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Sister Carol Weber, OP, Receives Community Contributor Award
Sister Carol Weber, OP, Receives Community Contributor Award

November 9, 2016, Flint, Michigan – Sister Carol Weber, OP, and Sister Judy Blake, CSJ, Co-founders and Co-directors of St. Luke N.E.W. Life Center, received the Community Contributor of the Year Award for their service to the Flint community.

The award, bestowed by the Arab American Heritage Council (AAHC), was presented October 27 in Northbrook Center, Flint, during the AAHC’s 20th Annual Ensure the Legacy Awards Banquet. The banquet, bringing in some 350 people, also celebrated the 30 years of the AAHC’s service to the Flint community.

Dr. Mona Hanna-Attisha, the physician who discovered the extent of the lead poisoning suffered by Flint children from the city’s contaminated water, was also honored at the banquet. 

Sister Carol Weber, OP, stands behind Sister Judy Blake, CSJ, during the award ceremony. Photo by Andrew Schmitt

Sisters Carol and Judy have been working since 2000 with the people of Flint, first serving them through street ministry. They opened the N.E.W. Life Center in 2002 and offer a variety of programs, including a literacy center, employment preparation, a sewing co-op that provides women with a livelihood, and a food pantry. 

“It was an honor to be recognized by the Arab-American community,” Sister Carol said. During her brief remarks, she focused on the theme of the evening, “Together it Can Happen.” She noted that by working together, the people of Flint can solve problems that the community faces. “Only together can we do anything,” Sister Carol said. “We can’t do anything in isolation.”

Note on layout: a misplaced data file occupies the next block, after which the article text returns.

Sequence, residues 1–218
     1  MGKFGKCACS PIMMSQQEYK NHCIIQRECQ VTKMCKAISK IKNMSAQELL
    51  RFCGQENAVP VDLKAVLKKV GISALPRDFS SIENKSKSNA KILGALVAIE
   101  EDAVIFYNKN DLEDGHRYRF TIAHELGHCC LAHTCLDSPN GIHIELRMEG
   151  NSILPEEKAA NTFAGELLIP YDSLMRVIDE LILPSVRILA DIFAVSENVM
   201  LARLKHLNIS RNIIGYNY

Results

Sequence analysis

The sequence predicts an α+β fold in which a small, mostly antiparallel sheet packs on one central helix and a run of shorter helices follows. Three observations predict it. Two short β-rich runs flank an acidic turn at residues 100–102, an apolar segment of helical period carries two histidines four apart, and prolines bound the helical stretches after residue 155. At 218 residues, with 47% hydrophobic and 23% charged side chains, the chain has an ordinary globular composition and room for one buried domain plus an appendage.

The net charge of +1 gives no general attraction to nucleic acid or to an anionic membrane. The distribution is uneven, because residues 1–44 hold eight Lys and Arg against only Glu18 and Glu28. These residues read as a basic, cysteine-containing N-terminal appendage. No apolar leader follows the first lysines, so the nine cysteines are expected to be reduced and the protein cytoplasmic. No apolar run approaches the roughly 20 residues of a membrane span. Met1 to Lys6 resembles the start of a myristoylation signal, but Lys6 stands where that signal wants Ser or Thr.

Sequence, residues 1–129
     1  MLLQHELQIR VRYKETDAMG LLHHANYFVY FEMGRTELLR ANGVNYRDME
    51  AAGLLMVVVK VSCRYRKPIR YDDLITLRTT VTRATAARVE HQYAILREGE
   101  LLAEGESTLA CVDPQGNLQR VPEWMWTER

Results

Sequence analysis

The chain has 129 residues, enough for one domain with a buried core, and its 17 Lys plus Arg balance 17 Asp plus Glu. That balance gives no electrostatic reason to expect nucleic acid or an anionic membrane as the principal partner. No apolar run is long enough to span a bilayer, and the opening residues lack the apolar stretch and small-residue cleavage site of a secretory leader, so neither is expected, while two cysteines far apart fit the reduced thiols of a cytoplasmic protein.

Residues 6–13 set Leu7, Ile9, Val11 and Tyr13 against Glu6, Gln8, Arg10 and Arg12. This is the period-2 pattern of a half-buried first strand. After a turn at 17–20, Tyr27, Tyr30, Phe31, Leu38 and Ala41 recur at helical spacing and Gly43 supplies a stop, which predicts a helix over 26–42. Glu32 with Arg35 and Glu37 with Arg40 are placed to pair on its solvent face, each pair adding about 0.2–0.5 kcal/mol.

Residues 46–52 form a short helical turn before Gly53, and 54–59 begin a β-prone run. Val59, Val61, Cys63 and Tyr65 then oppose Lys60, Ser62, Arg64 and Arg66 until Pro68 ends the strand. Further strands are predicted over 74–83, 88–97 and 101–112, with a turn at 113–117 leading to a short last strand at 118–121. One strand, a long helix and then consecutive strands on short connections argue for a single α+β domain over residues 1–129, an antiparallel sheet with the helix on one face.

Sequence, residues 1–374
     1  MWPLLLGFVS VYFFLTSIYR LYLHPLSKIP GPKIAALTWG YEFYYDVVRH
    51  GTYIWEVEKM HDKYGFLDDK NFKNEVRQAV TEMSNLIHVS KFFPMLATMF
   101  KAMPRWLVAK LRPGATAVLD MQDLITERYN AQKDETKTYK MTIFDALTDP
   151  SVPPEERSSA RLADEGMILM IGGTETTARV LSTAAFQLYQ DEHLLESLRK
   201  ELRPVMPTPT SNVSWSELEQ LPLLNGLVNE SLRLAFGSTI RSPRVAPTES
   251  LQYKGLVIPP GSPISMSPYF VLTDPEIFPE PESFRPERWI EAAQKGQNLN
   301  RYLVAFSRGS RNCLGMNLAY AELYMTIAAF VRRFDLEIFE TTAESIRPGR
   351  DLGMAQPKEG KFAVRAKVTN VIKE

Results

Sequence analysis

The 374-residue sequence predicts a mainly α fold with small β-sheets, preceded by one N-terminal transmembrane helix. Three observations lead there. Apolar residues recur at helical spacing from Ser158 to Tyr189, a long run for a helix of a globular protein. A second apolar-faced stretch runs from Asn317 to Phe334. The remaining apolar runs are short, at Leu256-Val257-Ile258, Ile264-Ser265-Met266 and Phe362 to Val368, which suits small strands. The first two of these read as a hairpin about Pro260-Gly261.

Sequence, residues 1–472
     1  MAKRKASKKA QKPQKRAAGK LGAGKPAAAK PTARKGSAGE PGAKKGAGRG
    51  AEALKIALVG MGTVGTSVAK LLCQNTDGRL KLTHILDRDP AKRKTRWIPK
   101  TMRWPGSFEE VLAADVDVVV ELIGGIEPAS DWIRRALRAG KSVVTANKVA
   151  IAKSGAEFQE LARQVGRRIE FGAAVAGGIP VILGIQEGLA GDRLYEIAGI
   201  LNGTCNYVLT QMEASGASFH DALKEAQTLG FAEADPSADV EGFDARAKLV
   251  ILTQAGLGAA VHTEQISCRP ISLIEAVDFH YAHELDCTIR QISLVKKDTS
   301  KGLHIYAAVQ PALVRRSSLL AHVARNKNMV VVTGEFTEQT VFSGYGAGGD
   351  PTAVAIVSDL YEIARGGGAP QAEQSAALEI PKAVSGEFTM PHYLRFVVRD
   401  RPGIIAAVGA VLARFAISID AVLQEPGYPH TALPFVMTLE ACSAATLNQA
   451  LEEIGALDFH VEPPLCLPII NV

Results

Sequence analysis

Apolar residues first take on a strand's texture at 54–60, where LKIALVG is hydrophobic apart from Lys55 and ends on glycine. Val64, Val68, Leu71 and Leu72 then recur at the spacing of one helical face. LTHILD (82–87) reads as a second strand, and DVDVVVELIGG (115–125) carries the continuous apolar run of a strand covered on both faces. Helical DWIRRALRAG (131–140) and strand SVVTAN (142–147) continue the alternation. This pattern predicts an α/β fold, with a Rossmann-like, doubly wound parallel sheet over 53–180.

Sister Carol said she had heard in May that she and Sister Judy were to be honored this Fall, and that she was reminded only recently about the awards banquet. “I was overwhelmed with the Arab-American community wanting to honor us,” she said.  

Meeting members of the AAHC helped her to realize that many people in the local Arab-American community are in the same situation as some of the local Hispanic community. Those who don’t understand English were unaware of the contaminated water in their community until others explained it to them. 

Sister Carol sees the award as significant to her ministry. “It really means that there’s a whole Arab community that recognizes what we do and wants to partner with us,” she said. “They’re a group of people who certainly know what’s happening in Flint and want to make a difference.” 







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